On June 20, 2024, the Canadian Parliament passed important changes to Canada’s Competition Act (Act) with the enactment of Bill C-59, the Fall Economic Statement Implementation Act, 2023 (Bill C-59). The amendments to the Act contained in Bill C-59 mark the third (stage in the Canadian government’s extensive overhaul of Canadian competition law, which began with a series of amendments to the Act passed in June 2022, followed by additional amendments in December 2023.

We have previously summarized the key changes that were made to the Act in June 2022 and December 2023, as well as those that were proposed in Bill C-59. These amendments affect all areas of Canadian competition law, with the general objective of strengthening the Competition Bureau’s (Bureau) enforcement powers and ability to challenge anticompetitive conduct.

Of note are two additional amendments that were introduced into Bill C-59 as part of Parliament’s deliberative process, both of which will impact the Act’s merger review process in important ways. Interestingly, these amendments were imported from recommendations made by the Bureau to Parliament and had been deliberately left out of the original version of Bill C-59 because they were not supported by the federal ministry (Ministry of Innovation, Science and Economic Development – ISED) that is responsible for policy making with respect to the Act.

We discuss each of these additional amendments and their implications below.


Market Share Presumptions for Merger Review

Prior to the recent round of amendments, the Act (section 92(2)) provided that a merger could not be found to be anticompetitive based on market shares alone. This never meant that market shares and concentration levels were irrelevant in Canadian merger review – far from it – only that they could not be determinative in and of themselves. Other factors – such as effective remaining competition, barriers to entry, countervailing power of customers, etc. – would also have to be assessed (see section 93 of the Act).

In the initial version of Bill C-59, the government decided to repeal the bar against the Competition Tribunal (Tribunal) issuing a merger remedy solely on the basis of evidence of concentration of market share. Accordingly, the Bill proposed repealing section 92(2) of the Act, potentially leaving it open for the Bureau – and ultimately the Competition Tribunal/courts – to reject a merger as anticompetitive based on increases in market shares/concentration alone.

However, in submissions made to Parliament regarding Bill C-59, the Bureau argued that the amendments should go even further (See Recommendation 4). The Bureau proposed that the Act also incorporate a rebuttable presumption that a transaction is likely to be anticompetitive if post-merger market shares/concentration levels would exceed certain thresholds to be set out in the statute. The Commissioner argued that this would make the Act consistent with the enforcement position in the U.S., where the U.S. antitrust agencies have adopted a similar type of presumption in their merger guidelines.

Notably, representatives of ISED, the federal ministry which is responsible for developing competition policy in Canada, disagreed with the Bureau’s recommendation. They observed that there is insufficient evidence regarding how many additional transactions a rebuttable presumption would catch. They also noted that incorporating the rebuttable presumption in the Act, rather than in guidelines as is done in the U.S., would make it more difficult to adjust the thresholds to reflect developing circumstances.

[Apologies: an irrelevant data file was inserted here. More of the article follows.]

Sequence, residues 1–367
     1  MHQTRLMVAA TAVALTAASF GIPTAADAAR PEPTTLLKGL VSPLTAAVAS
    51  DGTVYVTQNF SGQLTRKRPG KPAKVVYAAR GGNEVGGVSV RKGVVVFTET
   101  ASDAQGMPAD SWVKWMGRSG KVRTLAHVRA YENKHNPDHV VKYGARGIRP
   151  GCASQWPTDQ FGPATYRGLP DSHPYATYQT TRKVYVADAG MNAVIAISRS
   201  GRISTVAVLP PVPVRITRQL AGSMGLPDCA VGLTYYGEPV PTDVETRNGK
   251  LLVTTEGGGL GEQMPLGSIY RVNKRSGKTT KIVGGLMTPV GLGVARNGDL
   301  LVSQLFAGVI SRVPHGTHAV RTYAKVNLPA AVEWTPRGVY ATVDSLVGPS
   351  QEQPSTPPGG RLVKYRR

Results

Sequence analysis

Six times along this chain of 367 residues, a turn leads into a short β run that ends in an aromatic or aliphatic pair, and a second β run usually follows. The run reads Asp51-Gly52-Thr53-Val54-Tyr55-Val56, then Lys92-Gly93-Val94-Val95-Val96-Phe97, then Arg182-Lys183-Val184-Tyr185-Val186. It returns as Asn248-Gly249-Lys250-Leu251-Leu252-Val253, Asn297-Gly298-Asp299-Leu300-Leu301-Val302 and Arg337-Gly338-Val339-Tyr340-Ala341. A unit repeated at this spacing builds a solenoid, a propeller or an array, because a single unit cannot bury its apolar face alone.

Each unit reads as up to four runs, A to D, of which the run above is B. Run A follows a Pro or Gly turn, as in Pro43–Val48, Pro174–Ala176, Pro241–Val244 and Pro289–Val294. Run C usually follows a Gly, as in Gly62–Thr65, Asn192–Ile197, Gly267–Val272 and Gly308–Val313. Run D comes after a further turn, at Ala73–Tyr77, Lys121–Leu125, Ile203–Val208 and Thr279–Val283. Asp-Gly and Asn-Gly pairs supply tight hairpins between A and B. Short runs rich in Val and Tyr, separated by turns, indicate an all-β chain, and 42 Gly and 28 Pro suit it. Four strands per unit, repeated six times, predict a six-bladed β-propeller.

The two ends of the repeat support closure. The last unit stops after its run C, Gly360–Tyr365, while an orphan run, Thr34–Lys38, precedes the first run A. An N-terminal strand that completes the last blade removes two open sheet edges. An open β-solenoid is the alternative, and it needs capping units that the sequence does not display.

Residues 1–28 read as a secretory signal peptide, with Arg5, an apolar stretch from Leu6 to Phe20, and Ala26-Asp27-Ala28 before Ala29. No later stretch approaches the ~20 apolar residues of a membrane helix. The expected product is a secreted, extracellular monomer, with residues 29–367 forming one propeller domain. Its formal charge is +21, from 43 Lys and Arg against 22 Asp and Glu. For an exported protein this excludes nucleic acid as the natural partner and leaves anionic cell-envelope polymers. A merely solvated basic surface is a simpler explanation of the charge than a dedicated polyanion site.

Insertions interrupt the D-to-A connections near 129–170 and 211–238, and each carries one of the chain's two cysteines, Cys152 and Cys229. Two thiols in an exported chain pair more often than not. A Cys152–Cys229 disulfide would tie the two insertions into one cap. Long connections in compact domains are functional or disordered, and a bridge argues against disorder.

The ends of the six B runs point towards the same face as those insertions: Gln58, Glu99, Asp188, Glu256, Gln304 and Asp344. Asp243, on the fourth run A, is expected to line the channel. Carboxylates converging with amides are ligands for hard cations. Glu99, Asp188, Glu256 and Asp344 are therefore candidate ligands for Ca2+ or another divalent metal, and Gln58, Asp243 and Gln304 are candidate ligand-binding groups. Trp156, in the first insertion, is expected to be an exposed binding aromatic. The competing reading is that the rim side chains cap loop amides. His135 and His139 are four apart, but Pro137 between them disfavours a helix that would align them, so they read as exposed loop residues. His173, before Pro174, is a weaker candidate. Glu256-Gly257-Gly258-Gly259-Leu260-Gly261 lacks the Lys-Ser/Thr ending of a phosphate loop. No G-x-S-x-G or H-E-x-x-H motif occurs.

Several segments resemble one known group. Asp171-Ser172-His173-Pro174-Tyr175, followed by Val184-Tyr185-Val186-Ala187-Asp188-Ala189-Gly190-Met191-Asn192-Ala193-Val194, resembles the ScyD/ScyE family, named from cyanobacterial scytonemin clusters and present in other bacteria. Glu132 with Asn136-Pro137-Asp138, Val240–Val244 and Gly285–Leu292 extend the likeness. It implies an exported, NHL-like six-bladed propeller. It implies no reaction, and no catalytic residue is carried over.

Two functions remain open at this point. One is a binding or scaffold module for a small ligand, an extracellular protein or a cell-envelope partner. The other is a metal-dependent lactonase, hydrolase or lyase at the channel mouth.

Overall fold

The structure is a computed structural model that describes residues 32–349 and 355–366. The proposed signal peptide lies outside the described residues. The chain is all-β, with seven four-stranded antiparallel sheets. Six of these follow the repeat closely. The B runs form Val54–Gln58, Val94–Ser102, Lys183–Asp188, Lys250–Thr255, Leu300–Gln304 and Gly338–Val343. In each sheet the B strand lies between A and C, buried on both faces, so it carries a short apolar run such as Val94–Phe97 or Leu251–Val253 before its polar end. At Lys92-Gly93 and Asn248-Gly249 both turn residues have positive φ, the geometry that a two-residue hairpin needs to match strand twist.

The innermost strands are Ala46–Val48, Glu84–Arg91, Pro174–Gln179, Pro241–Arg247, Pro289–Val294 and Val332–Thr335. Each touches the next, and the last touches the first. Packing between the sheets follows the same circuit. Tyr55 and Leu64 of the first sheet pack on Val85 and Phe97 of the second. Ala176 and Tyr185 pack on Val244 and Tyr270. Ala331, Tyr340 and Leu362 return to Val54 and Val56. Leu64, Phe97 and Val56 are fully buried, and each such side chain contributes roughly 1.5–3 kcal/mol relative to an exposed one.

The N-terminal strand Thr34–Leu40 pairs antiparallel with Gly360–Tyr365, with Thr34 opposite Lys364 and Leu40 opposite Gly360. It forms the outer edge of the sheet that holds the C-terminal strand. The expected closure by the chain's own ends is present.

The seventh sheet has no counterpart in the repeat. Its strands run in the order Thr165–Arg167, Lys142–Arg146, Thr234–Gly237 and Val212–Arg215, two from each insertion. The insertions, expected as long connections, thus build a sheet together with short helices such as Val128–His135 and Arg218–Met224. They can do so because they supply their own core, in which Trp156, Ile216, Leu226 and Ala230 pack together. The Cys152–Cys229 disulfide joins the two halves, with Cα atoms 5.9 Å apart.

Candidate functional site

Ultimately, the decision was made to follow the Bureau’s recommendation and so Bill C-59 as enacted provides that mergers will be considered presumptively unlawful if they (a) combine firms accounting for more than a 30% market share; or (b) have a post-merger HHI “concentration index” (determined by squaring the market shares of the participants in the relevant market) of more than 1,800, and an increase of more than 100 from pre-merger levels. The amendment also provides that these thresholds can be revised by regulation, and so will not require new legislation if changes are to be made. (See section 249 of Bill C-59.)

The amendments thus shift Canada’s merger review regime from one in which post-merger market shares were an important but not determinative factor to one in which parties may be obliged to argue against a presumption of illegality based on market shares alone. Moreover, the 30% share threshold at which the rebuttable presumption is triggered marks a departure from the Bureau’s longstanding view that it will generally not challenge mergers resulting in post-transaction shares of below 35%.

The Bureau has stated, however, that it  will approach the trigger thresholds with some flexibility, using a sliding scale based on the extent to which post-merger shares will exceed the new thresholds. Specifically, the higher the parties are above the threshold, the stronger the evidence needs to be to rebut the  anticompetitive presumption; conversely,  the less post-merger shares exceed the 30% threshold, the easier it will be to rebut the presumption of illegality. That said, it remains to be seen how the Bureau’s enforcement policies will evolve in practice. At the very least, the new legislation means that merger transactions that would have escaped scrutiny before the enactment of Bill C-59, may now be subject to enhanced review and the risk of prohibition or potential remedy.